Wayne County, Missouri facts for kids

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Wayne County, Missouri
Map

Location in the state of Missouri
Map of the USA highlighting Missouri
Missouri's location in the U.S.
Statistics
Founded December 11, 1818
Seat Greenville
Largest City Piedmont
Area
 - Total
 - Land
 - Water

774 sq mi (2,005 km²)
759 sq mi (1,966 km²)
15 sq mi (39 km²), 1.9%
PopulationEst.
 - (2015)
 - Density

13,405
18/sq mi (7/km²)
Time zone Central: UTC-6/-5
Named for: Anthony Wayne

Wayne County is a county located in the Ozark foothills in the U.S. state of Missouri. As of the 2010 census, the population was 13,521. The county seat is Greenville. The county was officially organized on December 11, 1818, and is named after General "Mad" Anthony Wayne who served in the American Revolutionary War.

History

Wayne County was created in December 1818 by the last Missouri Territorial Legislature from portions of Cape Girardeau and Lawrence counties. Wayne County thus actually predates statehood. In March 1819, Congress established the Territory of Arkansas, and most of Lawrence County became Lawrence County, Arkansas Territory. The small strip that had been excluded was added to Wayne County by the Missouri State Constitution of 1820. The Osage Strip on the Kansas border was added in 1825. Between 1825 and 1831, Wayne County was actually larger than the states of Massachusetts, Connecticut, Rhode Island, and Delaware combined. All or part of 32 present Missouri counties once belonged to Wayne County. Despite its size, the Census of 1820 revealed that Wayne County had a total population of just 1,239 white inhabitants and 204 African American slaves.

When Wayne County was formed in 1818, the territorial legislature appointed five commissioners to govern it. They chose a small settlement called Cedar Cabin on the St. Francis River to be the county seat. Renamed Greenville, it had grown to about 1,000 by the turn of the 20th century. By 1940, however, the population had declined to 572. In 1941, the remaining inhabitants were forced to relocated because of the construction of Lake Wappapello. This new town's population had fallen to 270 in 1950, but has now increased to about 450.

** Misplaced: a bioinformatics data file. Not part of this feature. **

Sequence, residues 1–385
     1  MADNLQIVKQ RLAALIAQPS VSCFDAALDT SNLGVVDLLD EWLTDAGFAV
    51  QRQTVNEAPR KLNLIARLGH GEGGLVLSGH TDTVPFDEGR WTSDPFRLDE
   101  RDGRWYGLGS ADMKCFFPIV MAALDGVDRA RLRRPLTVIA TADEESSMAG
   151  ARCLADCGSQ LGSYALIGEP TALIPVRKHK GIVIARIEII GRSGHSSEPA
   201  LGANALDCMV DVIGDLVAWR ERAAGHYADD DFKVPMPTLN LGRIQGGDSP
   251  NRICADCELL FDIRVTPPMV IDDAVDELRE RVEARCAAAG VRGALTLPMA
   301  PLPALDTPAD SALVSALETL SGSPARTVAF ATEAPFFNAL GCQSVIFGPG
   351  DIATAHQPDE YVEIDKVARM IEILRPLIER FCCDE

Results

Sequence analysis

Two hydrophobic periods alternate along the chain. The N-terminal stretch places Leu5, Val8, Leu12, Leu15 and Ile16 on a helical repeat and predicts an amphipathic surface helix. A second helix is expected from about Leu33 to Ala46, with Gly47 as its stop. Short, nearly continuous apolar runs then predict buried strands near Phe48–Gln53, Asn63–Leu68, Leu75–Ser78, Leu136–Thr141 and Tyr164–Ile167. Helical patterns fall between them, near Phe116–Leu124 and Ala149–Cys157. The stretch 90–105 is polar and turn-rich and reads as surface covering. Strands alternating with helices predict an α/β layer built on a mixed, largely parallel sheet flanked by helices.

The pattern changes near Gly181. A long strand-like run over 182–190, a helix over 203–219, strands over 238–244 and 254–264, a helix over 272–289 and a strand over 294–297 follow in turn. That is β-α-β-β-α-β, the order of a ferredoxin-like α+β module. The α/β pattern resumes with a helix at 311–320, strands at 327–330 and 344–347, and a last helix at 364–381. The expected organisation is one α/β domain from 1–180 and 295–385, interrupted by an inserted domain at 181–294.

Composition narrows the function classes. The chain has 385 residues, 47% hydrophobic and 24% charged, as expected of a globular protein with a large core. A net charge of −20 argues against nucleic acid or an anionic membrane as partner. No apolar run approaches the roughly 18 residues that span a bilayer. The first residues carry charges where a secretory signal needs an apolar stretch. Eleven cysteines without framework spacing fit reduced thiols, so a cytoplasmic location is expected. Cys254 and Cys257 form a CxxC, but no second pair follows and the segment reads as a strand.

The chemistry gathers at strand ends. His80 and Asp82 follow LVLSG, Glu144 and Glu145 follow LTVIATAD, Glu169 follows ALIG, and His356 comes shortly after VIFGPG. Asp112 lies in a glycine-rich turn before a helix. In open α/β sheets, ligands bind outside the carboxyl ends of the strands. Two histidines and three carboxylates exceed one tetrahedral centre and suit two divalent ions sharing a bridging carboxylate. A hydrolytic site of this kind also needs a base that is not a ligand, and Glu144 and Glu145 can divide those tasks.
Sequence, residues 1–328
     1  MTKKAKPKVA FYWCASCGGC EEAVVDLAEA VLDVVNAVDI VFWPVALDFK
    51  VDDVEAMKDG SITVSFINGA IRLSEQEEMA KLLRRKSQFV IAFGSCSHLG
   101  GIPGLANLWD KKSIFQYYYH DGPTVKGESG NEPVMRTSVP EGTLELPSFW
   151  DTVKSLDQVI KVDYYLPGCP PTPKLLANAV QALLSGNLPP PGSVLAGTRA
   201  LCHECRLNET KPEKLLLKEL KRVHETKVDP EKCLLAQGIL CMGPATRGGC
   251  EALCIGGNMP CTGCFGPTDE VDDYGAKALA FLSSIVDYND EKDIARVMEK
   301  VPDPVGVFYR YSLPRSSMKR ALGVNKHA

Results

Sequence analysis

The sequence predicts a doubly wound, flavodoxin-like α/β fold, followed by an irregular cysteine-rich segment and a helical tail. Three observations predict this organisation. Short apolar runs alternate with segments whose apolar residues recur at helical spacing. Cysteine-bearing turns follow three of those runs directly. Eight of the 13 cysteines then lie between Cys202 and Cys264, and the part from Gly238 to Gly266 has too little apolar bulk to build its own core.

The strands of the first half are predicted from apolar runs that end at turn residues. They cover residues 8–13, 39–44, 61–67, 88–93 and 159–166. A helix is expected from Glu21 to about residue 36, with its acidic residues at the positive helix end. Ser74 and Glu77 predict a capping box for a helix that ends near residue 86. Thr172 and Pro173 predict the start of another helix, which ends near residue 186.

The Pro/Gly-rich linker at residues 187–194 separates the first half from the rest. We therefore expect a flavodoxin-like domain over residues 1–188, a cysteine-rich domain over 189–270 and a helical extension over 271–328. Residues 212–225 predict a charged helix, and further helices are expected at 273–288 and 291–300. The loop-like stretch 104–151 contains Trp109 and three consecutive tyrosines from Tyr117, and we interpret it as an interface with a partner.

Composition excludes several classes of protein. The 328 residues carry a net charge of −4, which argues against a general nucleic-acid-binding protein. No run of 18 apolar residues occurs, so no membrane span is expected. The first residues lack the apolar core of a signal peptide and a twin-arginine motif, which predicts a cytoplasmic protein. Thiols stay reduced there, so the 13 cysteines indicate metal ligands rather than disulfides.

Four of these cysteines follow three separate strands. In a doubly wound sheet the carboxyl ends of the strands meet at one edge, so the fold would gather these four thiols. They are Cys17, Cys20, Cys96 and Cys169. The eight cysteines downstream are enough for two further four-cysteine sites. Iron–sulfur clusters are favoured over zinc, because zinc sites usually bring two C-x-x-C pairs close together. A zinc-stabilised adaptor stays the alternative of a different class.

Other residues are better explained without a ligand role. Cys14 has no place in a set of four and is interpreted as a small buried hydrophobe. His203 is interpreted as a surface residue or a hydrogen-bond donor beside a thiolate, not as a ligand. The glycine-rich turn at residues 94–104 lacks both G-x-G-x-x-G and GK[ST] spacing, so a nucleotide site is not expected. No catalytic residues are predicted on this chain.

The Wayne County Courthouse was destroyed by a fire in 1854. In 1866, the records in new courthouse were stolen, and in 1892 the courthouse again burned down. Thus few county records survive from that time.

Geography

According to the U.S. Census Bureau, the county has a total area of 774 square miles (2,000 km2), of which 759 square miles (1,970 km2) is land and 15 square miles (39 km2) (1.9%) is water.

Adjacent counties

Major highways

  • US 67.svg U.S. Route 67
  • MO-34.svg Route 34
  • MO-49.svg Route 49

National protected areas

Demographics

Historical population
Census Pop.
1820 1,443
1830 3,264 126.2%
1840 3,403 4.3%
1850 4,518 32.8%
1860 5,629 24.6%
1870 6,068 7.8%
1880 9,096 49.9%
1890 11,927 31.1%
1900 15,309 28.4%
1910 15,181 −0.8%
1920 13,012 −14.3%
1930 12,243 −5.9%
1940 12,794 4.5%
1950 10,514 −17.8%
1960 8,638 −17.8%
1970 8,546 −1.1%
1980 11,277 32.0%
1990 11,543 2.4%
2000 13,259 14.9%
2010 13,521 2.0%
Est. 2015 13,405 −0.9%
U.S. Decennial Census
1790-1960 1900-1990
1990-2000 2010-2015

As of the census of 2000, there were 13,259 people, 5,551 households, and 3,841 families residing in the county. The population density was 17 people per square mile (7/km²). There were 7,496 housing units at an average density of 10 per square mile (4/km²). The racial makeup of the county was 97.68% White, 0.17% Black or African American, 0.58% Native American, 0.11% Asian, 0.03% Pacific Islander, 0.08% from other races, and 1.36% from two or more races. 0.49% of the population were Hispanic or Latino of any race. The most common first ancestries reported in Wayne County were 32.9% American, 15.0% German, 11.9% English, 11.7% Irish, 3.0% French (excluding Basque), 2.0% Dutch and 2.0% Italian.

There were 5,551 households out of which 27.40% had children under the age of 18 living with them, 56.20% were married couples living together, 9.20% had a female householder with no husband present, and 30.80% were non-families. 27.20% of all households were made up of individuals and 14.40% had someone living alone who was 65 years of age or older. The average household size was 2.36 and the average family size was 2.84.

In the county, the population was spread out with 23.20% under the age of 18, 6.70% from 18 to 24, 23.50% from 25 to 44, 26.80% from 45 to 64, and 19.80% who were 65 years of age or older. The median age was 42 years. For every 100 females there were 98.30 males. For every 100 females age 18 and over, there were 94.10 males.

The median income for a household in the county was $29,166, and the median income for a family was $34,727. Males had a median income of $26,241 versus $17,232 for females. The per capita income for the county was $16,852. About 17.90% of families and 21.90% of the population were below the poverty line, including 30.70% of those under age 18 and 15.60% of those age 65 or over.

Religion

According to the Association of Religion Data Archives County Membership Report (2000), Wayne County is a part of the Bible Belt with evangelical Protestantism being the majority religion. The most predominant denominations among residents in Wayne County who adhere to a religion are Southern Baptists (62.76%), Methodists (10.08%), and Roman Catholics (7.07%).

Communities


Wayne County, Missouri Facts for Kids. Kiddle Encyclopedia.